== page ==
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Participating (with Girard) in 2 Cor 5:21

September 20, 2009

Girard_lambIn my current writing on ‘participatory’ and ‘apocalyptic’ soteriology it occurred to me that Rene Girard offers a crucial link for understanding a key piece of Pauline writing

The majority reading of 2 Cor 5:21 at least in Western Christianity is something like the following paraphrase:

Christ never sinned! But God treated him as a sinner, so that Christ could make us acceptable to God. (2 Cor 5:21 CEV)

This is reinforced by I. Howard Marshall’s comment that: “It is hard to understand this [Christ’s becoming sin for us] in any other way than that in dying Christ exhausted the effects of divine wrath against sin”. However, as Stephen H. Travis (p. 187) argues this is clearly not the only reading of this difficult passage. And, to go beyond  Travis,  this (dominant) reading is also prima facie problematic. It suggests that God acts unjustly or immorally for our sake – namely either punishes or blames someone for something of which he is innocent. Even if that person is in an important sense, God’s self, and even if that person voluntarily undergoes this punishment/blame (and thus there is no rift between Father and Son) it is still counter-factual, and therefore a difficult reading of the text. To treat someone as what they are not, is to act contrary to the truth (whether justifiable or not).

Such problems however, have not stopped exegetes clinging to this reading. I would argue, however, that this reading should at least be compared with another possible way of reading the text (not often considered) to compare its plausibility. Since the passage clearly states (and translators seem to agree) that Jesus wasn’t a sinner (“he knew no sin”) a certain kind of literal reading is ruled out. It would be implausible to read this paradox as a pure contradiction. What then are the alternatives? Here is my presentation of the alternatives, both of which have the subjunctive ‘as if’ quality but in different ways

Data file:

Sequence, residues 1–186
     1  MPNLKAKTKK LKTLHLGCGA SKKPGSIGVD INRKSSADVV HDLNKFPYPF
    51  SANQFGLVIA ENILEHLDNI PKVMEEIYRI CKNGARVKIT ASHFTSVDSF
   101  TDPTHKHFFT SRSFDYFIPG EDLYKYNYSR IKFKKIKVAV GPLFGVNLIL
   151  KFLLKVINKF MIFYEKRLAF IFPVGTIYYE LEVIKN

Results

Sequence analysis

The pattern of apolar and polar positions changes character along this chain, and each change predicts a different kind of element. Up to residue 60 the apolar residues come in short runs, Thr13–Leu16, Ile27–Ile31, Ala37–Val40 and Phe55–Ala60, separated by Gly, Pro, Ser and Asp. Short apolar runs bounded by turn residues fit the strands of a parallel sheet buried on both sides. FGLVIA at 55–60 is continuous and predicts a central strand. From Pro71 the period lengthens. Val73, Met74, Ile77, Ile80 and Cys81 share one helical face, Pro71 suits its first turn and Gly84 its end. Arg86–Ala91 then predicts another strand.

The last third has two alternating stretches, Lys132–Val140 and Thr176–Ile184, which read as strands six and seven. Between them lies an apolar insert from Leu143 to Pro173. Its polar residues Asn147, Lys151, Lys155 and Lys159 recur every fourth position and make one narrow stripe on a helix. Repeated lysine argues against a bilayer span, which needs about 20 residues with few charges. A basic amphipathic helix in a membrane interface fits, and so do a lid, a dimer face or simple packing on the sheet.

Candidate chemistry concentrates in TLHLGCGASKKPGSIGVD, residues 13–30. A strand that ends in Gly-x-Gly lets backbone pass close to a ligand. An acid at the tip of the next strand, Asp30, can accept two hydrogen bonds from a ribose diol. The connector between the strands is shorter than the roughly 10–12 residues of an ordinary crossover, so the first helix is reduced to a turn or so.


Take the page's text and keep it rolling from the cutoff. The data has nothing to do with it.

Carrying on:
1. God treated him as a sinner (although he wasn’t) (see the CEV above and the problems associated)

2. God made him to be treated as a sinner (by us – our ‘sinner’ or scapegoat)

In respect of moving towards the subjunctive ‘as if’ sense, these interpretations are equivalent. They differ in the way that is achieved. The advantage of the second reading is that there is no problem understanding how human beings can act unjustly and counterfactually. Indeed that is precisely the point of the passion narrative and the proclamation of the early church. It is intrinsic to the vindication-forgiveness structure of the early preaching of Acts that our forgiveness arises in our meeting with our divine victim – the one we treated as a sinner. Those who encounter their victim discover that they are ‘unjust judges’ (see especially Paul’s resurrection experience). I contend then that over and against those who wish to make God the unjust judge, the latter reading has prima facie plausibility. Furthermore, if God is not the unjust judge, it is not even clear that the legal metaphor is the primary one here. As we noted earlier the second clause indicating consequence describes a transformative process (‘becoming the justice/righteousness of God’). Moreover, the verses immediately following do not suggest an imputed righteousness, often associated with the former reading, but suggest rather an emergent active (but grace-dependent) righteousness or justice

As we work together with him, we urge you also not to accept the grace of God in vain… (2Co 6:1 NRSV)

If I am right both of the possible interpretations are not straightforwardly literal readings, since the text itself does not appear amenable to such a reading, it seems then that the second is clearly the more plausible reading in spite of the fact that the dominant tradition has tended towards the former reading. Thus the best rendering of 2 Cor 5: 21 is:

It was for us that God made the one who knew no sin to be treated as a sinner, so that, in him, we as a community might become the justice of God (2 Cor 5: 21 my translation following Michael Gorman for the second half)

However, it is worth asking why this reading or something similar has been a minority one? It is possible that such a reading remains a minority one because of a failure to appreciate the causal link between the first and second half of the verses which it suggests but does not spell out? How does the scapegoating of the crucified bring about the righteousness/justice of those who participate in him? Once the question is put in this way it is clear, to anyone familiar with his thought, that Rene Girard has some crucial insights to offer a participatory reading of Paul. It may even be, that in spite of the overall context of a participatory framework in Paul’s thinking, our reading of 2 Corinthians 2:21 will continue to lack plausibility unless such a girardian account can be offered. Two things should be noted in passing however:

1. The price of reading this text as a kind of counterfactual judgement resulting in imputed unrighteousness for Jesus and imputed righteousness for us is an abstraction from the processes of transformation explicit in the verses preceding and following. It is a juridical insertion into a participatory argument.